“She also has a remarkable drive to share her work with others by putting it out into the world, whether that’s through conventional means, like art shows, or public art projects, like the mural she painted for the Hopewell Quarry,” she said.

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Zarina Morgan mural

Zarina Morgan's butterfly mural at the Quarry Swim Club in Hopewell.

Morgan says the opportunity to make the mural at the recently reopened Quarry Swim Club came about somewhat unexpectedly. It all started after club operations manager Lindsey Young-Lockett, who had just hired her as a summer lifeguard, asked if she had any other hobbies.

After she said that she was an artist, Young-Lockett invited her to decorate one of the bare walls at the swim club with a mural. The only requirement was that the mural had to include two butterflies.

“I went up and completely did my own thing, the way I wanted to do it,” Morgan says. “And then after it was done, I continued to work on it during my lifeguarding breaks. It was awesome to do something like that without really any experience.”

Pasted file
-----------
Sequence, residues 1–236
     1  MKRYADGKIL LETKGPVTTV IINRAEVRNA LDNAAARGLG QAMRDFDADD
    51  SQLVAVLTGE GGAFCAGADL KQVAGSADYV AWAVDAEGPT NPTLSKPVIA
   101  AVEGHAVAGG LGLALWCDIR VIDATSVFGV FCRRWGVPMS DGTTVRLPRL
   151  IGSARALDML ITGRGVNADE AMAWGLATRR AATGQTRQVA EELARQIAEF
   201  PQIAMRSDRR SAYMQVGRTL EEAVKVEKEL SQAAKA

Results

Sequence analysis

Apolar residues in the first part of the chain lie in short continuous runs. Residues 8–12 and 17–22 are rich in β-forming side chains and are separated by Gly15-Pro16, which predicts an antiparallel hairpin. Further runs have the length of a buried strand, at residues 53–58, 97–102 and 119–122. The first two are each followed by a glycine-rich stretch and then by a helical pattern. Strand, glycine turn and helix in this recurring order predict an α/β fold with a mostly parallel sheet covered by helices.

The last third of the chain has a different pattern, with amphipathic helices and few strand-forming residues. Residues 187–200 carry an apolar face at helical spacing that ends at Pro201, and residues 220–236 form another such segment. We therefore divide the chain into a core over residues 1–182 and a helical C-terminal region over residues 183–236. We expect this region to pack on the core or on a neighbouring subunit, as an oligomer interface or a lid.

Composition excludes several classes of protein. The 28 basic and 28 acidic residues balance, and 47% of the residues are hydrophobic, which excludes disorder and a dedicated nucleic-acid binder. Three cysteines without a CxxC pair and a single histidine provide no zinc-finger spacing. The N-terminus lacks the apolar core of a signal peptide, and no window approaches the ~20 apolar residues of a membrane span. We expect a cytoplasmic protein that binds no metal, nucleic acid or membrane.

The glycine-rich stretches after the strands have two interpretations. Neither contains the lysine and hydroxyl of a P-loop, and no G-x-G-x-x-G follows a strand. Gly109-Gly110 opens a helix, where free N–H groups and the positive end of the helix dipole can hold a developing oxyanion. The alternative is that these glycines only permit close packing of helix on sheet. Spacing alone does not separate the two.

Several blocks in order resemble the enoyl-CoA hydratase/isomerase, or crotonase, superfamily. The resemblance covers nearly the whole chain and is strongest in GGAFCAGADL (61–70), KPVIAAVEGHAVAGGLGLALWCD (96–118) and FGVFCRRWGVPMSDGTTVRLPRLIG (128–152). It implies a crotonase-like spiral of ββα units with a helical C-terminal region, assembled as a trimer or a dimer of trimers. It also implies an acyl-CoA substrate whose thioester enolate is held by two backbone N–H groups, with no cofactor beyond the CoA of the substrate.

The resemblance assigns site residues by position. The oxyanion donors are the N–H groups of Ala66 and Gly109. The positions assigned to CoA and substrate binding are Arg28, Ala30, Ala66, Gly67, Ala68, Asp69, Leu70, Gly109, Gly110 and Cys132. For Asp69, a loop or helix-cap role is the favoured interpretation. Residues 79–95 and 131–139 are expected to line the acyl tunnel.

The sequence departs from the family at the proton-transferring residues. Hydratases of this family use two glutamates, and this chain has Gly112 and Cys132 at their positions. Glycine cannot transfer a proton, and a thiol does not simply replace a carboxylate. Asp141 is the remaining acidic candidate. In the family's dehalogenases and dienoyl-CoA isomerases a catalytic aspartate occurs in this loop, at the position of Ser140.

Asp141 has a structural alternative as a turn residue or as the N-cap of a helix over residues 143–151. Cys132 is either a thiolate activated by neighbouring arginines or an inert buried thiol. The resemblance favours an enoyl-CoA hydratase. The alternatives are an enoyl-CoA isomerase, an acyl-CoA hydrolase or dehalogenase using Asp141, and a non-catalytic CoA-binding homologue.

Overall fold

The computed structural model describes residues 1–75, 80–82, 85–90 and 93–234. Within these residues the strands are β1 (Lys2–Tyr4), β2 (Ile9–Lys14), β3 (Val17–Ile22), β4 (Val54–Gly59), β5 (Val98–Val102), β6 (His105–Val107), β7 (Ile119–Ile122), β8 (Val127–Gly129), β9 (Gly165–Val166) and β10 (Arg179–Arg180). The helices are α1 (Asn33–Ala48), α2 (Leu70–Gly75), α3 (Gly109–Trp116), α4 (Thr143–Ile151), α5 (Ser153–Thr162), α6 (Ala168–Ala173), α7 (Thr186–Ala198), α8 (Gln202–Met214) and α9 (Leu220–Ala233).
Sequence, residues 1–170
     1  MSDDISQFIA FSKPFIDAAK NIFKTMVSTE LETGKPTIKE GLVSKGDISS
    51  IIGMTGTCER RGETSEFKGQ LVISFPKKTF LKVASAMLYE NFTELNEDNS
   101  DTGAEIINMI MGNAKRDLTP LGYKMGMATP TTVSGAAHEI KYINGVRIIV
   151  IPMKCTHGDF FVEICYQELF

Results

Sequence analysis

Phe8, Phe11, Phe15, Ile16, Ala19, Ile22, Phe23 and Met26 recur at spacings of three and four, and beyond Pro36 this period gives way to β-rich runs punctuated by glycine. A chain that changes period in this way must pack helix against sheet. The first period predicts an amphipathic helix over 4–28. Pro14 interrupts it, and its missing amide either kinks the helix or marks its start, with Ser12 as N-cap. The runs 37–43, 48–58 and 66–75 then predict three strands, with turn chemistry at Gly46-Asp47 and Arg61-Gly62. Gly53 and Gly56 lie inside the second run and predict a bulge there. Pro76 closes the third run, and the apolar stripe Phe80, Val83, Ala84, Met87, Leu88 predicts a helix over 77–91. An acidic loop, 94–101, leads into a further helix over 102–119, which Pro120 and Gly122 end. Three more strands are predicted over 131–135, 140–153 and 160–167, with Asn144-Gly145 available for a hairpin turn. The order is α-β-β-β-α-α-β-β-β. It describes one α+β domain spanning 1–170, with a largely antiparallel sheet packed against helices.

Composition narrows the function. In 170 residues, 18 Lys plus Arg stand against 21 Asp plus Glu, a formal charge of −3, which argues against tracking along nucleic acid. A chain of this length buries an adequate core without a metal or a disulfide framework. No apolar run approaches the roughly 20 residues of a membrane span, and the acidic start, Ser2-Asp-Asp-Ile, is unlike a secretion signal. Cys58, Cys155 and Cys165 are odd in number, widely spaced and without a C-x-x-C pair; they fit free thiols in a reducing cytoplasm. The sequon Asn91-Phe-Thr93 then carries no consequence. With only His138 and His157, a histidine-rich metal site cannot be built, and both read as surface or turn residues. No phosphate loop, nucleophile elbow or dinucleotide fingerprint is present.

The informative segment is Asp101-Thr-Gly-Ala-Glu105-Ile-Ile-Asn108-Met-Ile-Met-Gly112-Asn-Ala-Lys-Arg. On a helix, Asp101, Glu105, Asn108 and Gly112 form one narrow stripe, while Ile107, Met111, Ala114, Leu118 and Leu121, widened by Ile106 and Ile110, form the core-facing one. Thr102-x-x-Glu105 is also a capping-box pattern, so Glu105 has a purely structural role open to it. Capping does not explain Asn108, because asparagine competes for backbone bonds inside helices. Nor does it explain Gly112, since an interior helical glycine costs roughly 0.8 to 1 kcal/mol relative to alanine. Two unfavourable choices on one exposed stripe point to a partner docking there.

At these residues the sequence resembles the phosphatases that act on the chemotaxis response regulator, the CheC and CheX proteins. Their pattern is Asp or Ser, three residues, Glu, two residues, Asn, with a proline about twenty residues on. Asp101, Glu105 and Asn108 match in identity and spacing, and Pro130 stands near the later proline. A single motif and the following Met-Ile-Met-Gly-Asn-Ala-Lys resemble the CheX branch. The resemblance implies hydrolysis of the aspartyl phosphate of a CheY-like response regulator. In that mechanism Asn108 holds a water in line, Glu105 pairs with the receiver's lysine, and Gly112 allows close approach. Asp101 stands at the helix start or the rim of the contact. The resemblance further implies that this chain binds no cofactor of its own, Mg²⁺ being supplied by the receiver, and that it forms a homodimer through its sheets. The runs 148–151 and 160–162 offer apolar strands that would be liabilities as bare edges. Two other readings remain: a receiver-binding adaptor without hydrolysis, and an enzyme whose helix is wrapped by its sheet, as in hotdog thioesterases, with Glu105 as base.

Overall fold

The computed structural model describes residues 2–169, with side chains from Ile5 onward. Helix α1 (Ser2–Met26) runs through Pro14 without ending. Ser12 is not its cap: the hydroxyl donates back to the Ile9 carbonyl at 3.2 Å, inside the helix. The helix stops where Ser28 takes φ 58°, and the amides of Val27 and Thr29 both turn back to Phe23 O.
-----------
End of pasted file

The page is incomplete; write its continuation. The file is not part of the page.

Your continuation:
The opportunity to exhibit her artworks at Time in Philadelphia came about just as suddenly. Her cousin, who is also an artist, was a bartender at the restaurant, and DM’ed Zarina one day to ask if she wanted to display her own work there.

“Obviously, you ahd to be 21, so I just didn’t tell anyone (that I wasn’t) and I just presented my work,” she said. “I was scrambling to figure everything out. I had sold a few pieces, but a show is completely different. I was so stressed out.”